Primary hyperhidrosis typically starts in childhood and lasts until maturity. The main areas affected are the face, palms of the hands, soles of the feet, and the axilla.
A patient with hyperhidrosis who started taking oxybutynin for urinary urgency is described in a case report from 1988; the patient's episodes of intense sweating stopped after a few hours. Numerous investigations conducted in recent years have confirmed its effectiveness in treating hyperhidrosis.
Since it has recently been established that people with hyperhidrotic conditions have an overabundance of acetylcholine and 7-nicotinic receptors in their sympathetic ganglia, targeted treatment with oxybutynin has started to be reported. In 2003, the FDA approved oxybutynin transdermal administration for the first time in the form of a transdermal patch. The first transdermal delivery system (TDS) for oxybutynin was a patch that could be applied to the buttocks, hips, or abdomen.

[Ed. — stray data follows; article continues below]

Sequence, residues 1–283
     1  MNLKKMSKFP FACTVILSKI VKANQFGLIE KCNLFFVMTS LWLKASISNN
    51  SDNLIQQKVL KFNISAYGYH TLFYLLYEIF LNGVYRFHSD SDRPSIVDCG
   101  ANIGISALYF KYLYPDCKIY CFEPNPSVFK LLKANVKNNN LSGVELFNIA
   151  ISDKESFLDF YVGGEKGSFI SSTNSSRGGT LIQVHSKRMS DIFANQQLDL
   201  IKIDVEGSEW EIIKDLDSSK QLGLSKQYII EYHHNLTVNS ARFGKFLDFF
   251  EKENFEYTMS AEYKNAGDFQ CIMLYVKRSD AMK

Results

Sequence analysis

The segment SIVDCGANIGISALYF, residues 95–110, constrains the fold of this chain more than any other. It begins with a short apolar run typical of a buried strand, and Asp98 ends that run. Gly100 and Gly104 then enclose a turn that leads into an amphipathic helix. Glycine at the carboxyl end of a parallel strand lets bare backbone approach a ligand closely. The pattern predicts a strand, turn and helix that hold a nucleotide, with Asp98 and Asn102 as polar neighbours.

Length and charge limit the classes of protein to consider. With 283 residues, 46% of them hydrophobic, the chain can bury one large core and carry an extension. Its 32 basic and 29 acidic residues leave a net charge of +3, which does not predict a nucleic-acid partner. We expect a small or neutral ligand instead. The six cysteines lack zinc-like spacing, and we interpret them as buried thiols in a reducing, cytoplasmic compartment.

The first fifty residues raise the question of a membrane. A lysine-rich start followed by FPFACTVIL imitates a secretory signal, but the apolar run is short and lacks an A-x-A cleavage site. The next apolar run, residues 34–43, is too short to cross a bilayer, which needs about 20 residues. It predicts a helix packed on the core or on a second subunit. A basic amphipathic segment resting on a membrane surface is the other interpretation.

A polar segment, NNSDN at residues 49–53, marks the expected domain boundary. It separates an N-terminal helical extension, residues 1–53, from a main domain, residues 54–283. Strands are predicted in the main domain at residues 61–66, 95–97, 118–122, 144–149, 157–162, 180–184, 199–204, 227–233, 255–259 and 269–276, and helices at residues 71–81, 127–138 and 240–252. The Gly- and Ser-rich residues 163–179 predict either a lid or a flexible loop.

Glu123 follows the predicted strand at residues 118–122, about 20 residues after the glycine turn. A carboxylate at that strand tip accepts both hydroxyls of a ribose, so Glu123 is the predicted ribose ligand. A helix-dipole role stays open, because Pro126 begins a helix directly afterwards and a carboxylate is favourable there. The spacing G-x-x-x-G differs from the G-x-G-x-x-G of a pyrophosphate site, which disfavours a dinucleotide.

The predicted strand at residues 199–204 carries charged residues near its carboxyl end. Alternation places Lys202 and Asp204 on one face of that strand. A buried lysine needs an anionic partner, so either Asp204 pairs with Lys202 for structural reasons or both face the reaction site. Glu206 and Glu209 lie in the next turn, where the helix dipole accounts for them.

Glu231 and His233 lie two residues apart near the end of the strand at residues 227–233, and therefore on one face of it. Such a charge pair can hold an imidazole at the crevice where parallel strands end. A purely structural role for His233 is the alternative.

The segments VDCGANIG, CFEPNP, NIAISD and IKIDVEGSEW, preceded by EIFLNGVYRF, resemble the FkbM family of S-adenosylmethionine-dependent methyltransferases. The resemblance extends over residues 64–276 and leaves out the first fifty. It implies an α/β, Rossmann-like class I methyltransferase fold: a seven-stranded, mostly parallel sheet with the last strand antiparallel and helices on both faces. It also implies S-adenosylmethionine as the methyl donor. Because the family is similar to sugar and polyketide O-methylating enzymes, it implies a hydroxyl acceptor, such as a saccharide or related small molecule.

The transdermal patch was found to have less negative side effects and to be just as efficient in reducing the symptoms of overactive bladder when compared to oxybutynin taken orally. In the senior population, which is more likely to develop overactive bladder, transdermal distribution may also lessen the amount of pills required, memory loss, and drug-drug interactions, all of which are desired outcomes. Adults with hyperactive bladders may benefit from topically applied oxybutynin gel treatment. Oxybutynin chloride gel has been shown to be effective in treating primary focal hyperhidrosis in studies. Oxybutynin may have a longer half-life than other topical drugs like aluminium chloride, with a serum half-life of 62–84 hours following topical treatment.
Patients' primary focal hyperhidrosis is treated less severely and have better health-related quality of life thanks to oxybutynin 3% gel.